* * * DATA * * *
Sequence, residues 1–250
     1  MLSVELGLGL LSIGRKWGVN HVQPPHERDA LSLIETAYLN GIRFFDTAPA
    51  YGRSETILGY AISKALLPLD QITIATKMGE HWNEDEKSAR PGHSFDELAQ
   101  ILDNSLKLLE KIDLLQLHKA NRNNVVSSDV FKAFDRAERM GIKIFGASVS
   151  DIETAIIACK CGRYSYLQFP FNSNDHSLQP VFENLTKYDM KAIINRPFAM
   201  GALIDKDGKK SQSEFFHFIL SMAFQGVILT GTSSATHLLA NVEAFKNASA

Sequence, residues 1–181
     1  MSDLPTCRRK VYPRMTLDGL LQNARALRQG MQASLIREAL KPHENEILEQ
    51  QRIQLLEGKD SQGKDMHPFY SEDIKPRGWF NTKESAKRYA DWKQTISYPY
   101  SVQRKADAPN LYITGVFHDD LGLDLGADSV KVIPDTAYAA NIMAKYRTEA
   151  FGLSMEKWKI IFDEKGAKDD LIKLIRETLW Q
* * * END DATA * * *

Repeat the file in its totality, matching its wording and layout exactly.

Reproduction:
Sequence, residues 1–250
     1  MLSVELGLGL LSIGRKWGVN HVQPPHERDA LSLIETAYLN GIRFFDTAPA
    51  YGRSETILGY AISKALLPLD QITIATKMGE HWNEDEKSAR PGHSFDELAQ
   101  ILDNSLKLLE KIDLLQLHKA NRNNVVSSDV FKAFDRAERM GIKIFGASVS
   151  DIETAIIACK CGRYSYLQFP FNSNDHSLQP VFENLTKYDM KAIINRPFAM
   201  GALIDKDGKK SQSEFFHFIL SMAFQGVILT GTSSATHLLA NVEAFKNASA

Sequence, residues 1–181
     1  MSDLPTCRRK VYPRMTLDGL LQNARALRQG MQASLIREAL KPHENEILEQ
    51  QRIQLLEGKD SQGKDMHPFY SEDIKPRGWF NTKESAKRYA DWKQTISYPY
   101  SVQRKADAPN LYITGVFHDD LGLDLGADSV KVIPDTAYAA NIMAKYRTEA
   151  FGLSMEKWKI IFDEKGAKDD LIKLIRETLW Q